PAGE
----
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Editorial> New Cities and Old
Aaron Seward on the New Cities Summit and Dallas' urge to urbanize.
New Cities Foundation-Rachel Dare

This June, at the New Cities Summit in the Dallas Arts District, on the fourth floor of the Winspear Opera House, I had the opportunity to sit down with Maxwell Anderson, who has been director of the Dallas Museum of Art (DMA) since 2012. During our discussion, Mr. Anderson got out his smart phone and showed me an old black and white photograph of pre-war downtown Dallas: a teeming street scene bustling with hat-wearing pedestrians, trolley cars, and automobiles. The only thing that distinguished it as a city in Texas, as opposed to New York or Chicago in that period, was a sign shaped like a cowboy boot hanging over the sidewalk. “Dallas today is so spread out,” he said. “But not many people are familiar with old downtown Dallas. It was a vibrant urban place. We’re only now seeking to create that again."

That notion of re-creating a city, specifically in the 21st century, was the theme of this year’s New Cities Summit (AN was a media partner of the event), an annual convention of global business leaders, representatives of government, academics, cultural directors, architects, planners, and others concerned with the future of urban areas. It was also central to why the New Cities Foundation, a European non-profit whose founding members include technology and communications giants Cisco and Ericsson, chose Big D as a location (the previous two summits were held in Paris, France, and São Paulo, Brazil). “Dallas is a place that is eager to tell its story again,” is the way that Mathieu Lefevre, executive director of the foundation, put it to me.

Like most Sunbelt cities, Dallas sprawls out over a vast spread of land and incorporates many smaller towns and suburbs within its metropolitan area, all linked, of course, by freeways. How to go from that condition to some resemblance of Anderson’s nostalgic image of old urban Dallas is anyone’s guess, but the first thing to find out, it appears to me, is whether or not the people who live there actually want such a transformation. It’s a crazy notion, I know, and one not much entertained in urbanism circles, but there really are millions of Americans who live in suburbia and drive around in cars and actually find things to like about it—at least the current ridership figures of Dallas Area Rapid Transit make it seem so. Anderson, a native Manhattanite and “cave-dweller since childhood,” may find density completely natural, but there are still many who would not wish to give up their backyards in favor of walking to the grocery store.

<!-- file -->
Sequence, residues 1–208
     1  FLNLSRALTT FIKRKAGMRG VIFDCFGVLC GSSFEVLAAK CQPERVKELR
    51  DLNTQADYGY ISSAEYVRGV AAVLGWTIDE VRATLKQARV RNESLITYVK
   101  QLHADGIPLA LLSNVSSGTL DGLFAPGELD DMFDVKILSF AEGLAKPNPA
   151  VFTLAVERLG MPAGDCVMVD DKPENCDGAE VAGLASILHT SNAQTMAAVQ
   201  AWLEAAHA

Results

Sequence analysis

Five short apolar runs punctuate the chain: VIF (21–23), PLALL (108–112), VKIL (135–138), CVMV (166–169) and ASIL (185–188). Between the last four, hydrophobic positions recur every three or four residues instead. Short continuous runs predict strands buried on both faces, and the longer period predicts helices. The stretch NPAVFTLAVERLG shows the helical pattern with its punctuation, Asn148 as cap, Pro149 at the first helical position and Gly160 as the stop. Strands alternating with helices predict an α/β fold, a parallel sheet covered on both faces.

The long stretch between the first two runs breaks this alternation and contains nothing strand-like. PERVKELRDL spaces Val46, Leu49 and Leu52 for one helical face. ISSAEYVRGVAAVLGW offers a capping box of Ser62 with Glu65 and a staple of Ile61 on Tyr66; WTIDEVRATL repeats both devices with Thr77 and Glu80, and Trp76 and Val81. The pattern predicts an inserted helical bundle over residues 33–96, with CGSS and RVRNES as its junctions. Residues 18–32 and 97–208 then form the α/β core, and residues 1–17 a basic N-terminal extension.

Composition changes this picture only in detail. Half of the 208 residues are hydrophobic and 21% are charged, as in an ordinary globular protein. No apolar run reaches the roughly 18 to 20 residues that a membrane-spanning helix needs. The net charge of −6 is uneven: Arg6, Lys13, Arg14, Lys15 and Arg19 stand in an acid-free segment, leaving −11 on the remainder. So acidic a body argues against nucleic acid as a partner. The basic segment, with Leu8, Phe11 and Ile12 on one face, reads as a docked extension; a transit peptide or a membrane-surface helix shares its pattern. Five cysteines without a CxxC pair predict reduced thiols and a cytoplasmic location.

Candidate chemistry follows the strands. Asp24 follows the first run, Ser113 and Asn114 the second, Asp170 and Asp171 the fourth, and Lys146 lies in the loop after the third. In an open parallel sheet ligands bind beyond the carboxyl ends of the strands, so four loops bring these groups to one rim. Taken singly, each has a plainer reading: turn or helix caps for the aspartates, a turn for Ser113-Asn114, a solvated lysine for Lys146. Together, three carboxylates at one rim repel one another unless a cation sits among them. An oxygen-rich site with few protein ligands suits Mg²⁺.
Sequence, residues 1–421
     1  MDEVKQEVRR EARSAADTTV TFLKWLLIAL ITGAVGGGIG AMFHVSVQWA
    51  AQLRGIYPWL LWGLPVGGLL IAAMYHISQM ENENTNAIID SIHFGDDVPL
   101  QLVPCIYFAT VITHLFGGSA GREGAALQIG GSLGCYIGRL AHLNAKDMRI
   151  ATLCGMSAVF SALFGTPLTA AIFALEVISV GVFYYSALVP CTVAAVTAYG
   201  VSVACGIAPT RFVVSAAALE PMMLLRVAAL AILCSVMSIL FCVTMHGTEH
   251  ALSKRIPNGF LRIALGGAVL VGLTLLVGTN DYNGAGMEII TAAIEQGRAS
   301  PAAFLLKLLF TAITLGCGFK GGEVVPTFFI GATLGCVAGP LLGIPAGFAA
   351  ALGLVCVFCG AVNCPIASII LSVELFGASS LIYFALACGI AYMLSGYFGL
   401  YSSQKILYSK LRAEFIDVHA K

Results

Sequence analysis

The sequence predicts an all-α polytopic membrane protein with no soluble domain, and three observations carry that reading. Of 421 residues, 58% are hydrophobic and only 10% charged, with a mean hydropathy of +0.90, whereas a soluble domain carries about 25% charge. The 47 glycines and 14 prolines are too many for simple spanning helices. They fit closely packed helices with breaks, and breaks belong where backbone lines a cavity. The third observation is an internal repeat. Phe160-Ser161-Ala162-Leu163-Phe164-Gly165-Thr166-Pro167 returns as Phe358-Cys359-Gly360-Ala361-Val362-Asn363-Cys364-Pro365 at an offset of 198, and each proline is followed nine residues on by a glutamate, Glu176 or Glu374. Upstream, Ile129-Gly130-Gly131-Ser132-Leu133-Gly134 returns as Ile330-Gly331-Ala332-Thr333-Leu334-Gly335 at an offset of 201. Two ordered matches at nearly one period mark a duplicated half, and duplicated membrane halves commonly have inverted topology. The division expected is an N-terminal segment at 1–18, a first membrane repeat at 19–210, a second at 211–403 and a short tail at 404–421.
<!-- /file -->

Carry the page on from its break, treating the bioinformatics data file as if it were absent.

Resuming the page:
But, nonetheless, Dallas is trying to create more “vibrancy” downtown; trying to attract more people and keep them there for longer. One way it is doing that is through its arts district, a truly phenomenal collection of cultural institutions housed in equally impressive buildings, which is just now completing the commercial infrastructure it believes will activate the streetscape both day and night. (Anderson, by the way, returned DMA to free general admission, an admirable policy for any great museum and yet another carrot to draw people to the district.)

Will it work? Well, not everyone thinks the strategy is foolproof, or even desirable. In the summit workshop Cultural Districts as Engines of Urban Transformation, Jamie Bennett, executive director of ArtPlace America, made his position unequivocally clear: “Stop planning cultural districts!” he exclaimed. In a nutshell, his argument is that planning “cultural ghettos,” as he calls them, only reinforces the notion that culture only happens in those places, while, in truth, culture happen all over, wherever there are people who choose to interpret their story through art: a band that records in a garage studio on a sleepy suburban street, for example, or a community theater that stages its productions in a high school auditorium.

The Chinese artist, Huang Rui, who gave the summit’s Art and the City keynote speech, furthered this point when he said, and I am paraphrasing, that you can’t build culture, it is the spontaneous expression of people in their time and place. (He knows what he’s talking about. China has been opening around 100 museums per year for the past several years, and opened 400 in 2011 alone. This museum boom, however, has not resulted in a culture boom.) Dallas’ jaw-dropping arts district, built as it is upon a blank slate, may eventually attract more people downtown, and keep them there for longer, but it is hard to imagine it ever creating the sort of unbidden exuberance expressed in Anderson’s old photo.

Aaron Seward